[David Foster Wallace argues that while lots of contemporary writing is] smart and inventive, most of the time it “doesn’t satisfy its own agenda. Instead, it most often degenerates into a kind of jeering, surfacey look ‘behind the scenes’ of the very televisual front people already jeer at….” The problem for these writers is that they
render their material with the same tone of irony and self-consciousness that their ancestors, the literary insurgents of Beat and postmodernism, used so effectively to rebel against their own world and context. And the reason why this irreverent postmodern approach fails to help the new Imagists transfigure TV is simply that TV has beaten the new Imagists to the punch. The fact is that for at least ten years now, television has been ingeniously absorbing, homogenizing, and re-presenting the very same cynical postmodern aesthetic that was once the best alternative to the appeal of Low, over-easy, mass-marketed narrative.. . .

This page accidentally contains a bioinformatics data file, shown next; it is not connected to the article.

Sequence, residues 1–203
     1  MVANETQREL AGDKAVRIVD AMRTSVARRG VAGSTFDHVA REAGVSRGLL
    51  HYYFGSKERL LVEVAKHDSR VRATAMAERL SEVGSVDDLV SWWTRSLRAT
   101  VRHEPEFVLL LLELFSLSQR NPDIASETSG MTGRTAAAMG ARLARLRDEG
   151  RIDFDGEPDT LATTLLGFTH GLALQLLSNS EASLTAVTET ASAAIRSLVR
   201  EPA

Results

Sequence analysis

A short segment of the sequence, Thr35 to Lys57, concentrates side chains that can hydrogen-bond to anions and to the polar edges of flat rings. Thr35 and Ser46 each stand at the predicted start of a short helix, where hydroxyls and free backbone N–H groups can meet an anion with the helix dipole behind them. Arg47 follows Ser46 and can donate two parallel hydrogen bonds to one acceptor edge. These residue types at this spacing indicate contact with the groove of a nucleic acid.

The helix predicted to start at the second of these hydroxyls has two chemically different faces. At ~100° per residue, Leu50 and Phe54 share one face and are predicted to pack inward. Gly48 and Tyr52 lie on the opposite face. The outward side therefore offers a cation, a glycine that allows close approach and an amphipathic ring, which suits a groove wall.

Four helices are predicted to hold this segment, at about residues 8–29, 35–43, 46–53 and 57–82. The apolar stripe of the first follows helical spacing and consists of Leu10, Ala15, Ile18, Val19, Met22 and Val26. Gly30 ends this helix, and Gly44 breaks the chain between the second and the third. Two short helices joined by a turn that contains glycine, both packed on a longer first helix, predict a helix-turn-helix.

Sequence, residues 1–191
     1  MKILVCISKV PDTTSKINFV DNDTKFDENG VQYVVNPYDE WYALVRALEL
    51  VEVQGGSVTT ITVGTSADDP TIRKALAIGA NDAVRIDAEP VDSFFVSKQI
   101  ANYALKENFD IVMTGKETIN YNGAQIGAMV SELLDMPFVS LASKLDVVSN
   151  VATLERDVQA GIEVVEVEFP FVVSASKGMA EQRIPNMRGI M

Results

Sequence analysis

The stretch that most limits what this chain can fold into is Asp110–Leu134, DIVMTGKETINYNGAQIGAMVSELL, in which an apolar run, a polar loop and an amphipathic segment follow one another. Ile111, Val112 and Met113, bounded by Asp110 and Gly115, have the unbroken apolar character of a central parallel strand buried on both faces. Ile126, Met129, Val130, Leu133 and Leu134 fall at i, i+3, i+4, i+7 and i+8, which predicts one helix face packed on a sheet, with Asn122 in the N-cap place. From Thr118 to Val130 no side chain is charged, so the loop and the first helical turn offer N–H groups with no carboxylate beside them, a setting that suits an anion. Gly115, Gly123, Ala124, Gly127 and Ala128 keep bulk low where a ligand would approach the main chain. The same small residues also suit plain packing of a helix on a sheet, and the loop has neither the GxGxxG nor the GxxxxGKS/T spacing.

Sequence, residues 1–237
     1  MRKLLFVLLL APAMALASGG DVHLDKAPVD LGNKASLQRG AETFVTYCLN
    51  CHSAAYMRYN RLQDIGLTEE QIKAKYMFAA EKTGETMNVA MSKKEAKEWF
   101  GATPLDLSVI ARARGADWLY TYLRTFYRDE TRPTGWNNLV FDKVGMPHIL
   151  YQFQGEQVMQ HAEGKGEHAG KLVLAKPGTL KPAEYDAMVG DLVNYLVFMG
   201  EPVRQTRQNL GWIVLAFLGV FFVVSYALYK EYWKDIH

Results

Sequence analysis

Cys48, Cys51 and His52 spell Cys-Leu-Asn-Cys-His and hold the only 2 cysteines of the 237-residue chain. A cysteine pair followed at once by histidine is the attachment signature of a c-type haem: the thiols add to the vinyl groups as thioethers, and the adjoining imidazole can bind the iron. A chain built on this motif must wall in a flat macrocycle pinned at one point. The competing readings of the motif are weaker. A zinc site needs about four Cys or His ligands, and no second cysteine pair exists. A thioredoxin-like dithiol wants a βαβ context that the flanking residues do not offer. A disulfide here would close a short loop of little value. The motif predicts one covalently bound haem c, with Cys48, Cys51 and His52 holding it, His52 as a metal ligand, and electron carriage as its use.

The challenge... was to stop relying on an overfamiliar cynical tone that could now say little more than, Hey, isn’t this absurd? You and I are in on it, but what can we do but go along for the ride? “The new rebels might be artists willing to risk the yawn, the rolled eyes, the cool smile, the nudged ribs, the parody of gifted ironists, the ‘Oh how banal.’” Wallace quotes critic Lewis Hyde (writing about John Berryman): “Irony has only emergency use. Carried over time, it is the voice of the trapped who have come to enjoy their cage.”
-- from Elaine Blair, "A New Brilliant Start," NYRB, December 6, 2012